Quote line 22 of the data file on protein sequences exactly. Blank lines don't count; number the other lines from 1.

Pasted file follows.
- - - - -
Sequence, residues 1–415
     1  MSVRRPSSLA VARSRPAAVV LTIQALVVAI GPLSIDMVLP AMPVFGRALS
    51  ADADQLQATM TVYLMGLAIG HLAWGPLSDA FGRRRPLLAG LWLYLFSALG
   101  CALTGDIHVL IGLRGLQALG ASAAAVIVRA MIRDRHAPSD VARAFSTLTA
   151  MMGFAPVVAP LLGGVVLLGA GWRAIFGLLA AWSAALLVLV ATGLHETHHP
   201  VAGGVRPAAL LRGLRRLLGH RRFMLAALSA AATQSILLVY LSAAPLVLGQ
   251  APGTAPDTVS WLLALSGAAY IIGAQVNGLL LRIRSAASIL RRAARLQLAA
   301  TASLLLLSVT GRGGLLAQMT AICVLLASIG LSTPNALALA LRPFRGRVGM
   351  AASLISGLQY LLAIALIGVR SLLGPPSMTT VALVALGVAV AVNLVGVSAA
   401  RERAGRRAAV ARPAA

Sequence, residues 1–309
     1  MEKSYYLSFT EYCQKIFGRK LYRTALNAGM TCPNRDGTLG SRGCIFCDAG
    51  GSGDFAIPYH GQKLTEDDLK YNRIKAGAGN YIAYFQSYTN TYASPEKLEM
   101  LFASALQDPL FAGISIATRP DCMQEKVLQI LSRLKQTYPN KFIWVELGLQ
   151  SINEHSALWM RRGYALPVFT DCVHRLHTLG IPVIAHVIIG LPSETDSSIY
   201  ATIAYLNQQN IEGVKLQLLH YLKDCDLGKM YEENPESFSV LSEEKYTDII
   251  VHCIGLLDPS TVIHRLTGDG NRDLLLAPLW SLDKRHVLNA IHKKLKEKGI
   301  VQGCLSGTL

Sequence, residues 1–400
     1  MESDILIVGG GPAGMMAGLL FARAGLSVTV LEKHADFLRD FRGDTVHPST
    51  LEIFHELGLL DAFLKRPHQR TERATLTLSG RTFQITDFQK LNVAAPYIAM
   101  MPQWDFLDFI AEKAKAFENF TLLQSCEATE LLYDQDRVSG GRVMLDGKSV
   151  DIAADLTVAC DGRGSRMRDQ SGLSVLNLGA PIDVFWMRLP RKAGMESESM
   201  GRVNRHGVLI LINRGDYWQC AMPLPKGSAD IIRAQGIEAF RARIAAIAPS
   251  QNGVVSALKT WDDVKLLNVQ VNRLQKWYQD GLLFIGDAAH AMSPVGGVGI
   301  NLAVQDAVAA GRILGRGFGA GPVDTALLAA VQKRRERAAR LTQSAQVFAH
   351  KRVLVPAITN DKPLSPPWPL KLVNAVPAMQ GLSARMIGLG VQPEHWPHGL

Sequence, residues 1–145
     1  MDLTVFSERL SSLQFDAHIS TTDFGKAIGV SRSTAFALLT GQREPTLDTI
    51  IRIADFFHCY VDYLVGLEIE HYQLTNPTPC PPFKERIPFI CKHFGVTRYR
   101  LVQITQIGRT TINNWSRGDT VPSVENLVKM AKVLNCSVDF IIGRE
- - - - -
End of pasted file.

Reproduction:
   101  MPQWDFLDFI AEKAKAFENF TLLQSCEATE LLYDQDRVSG GRVMLDGKSV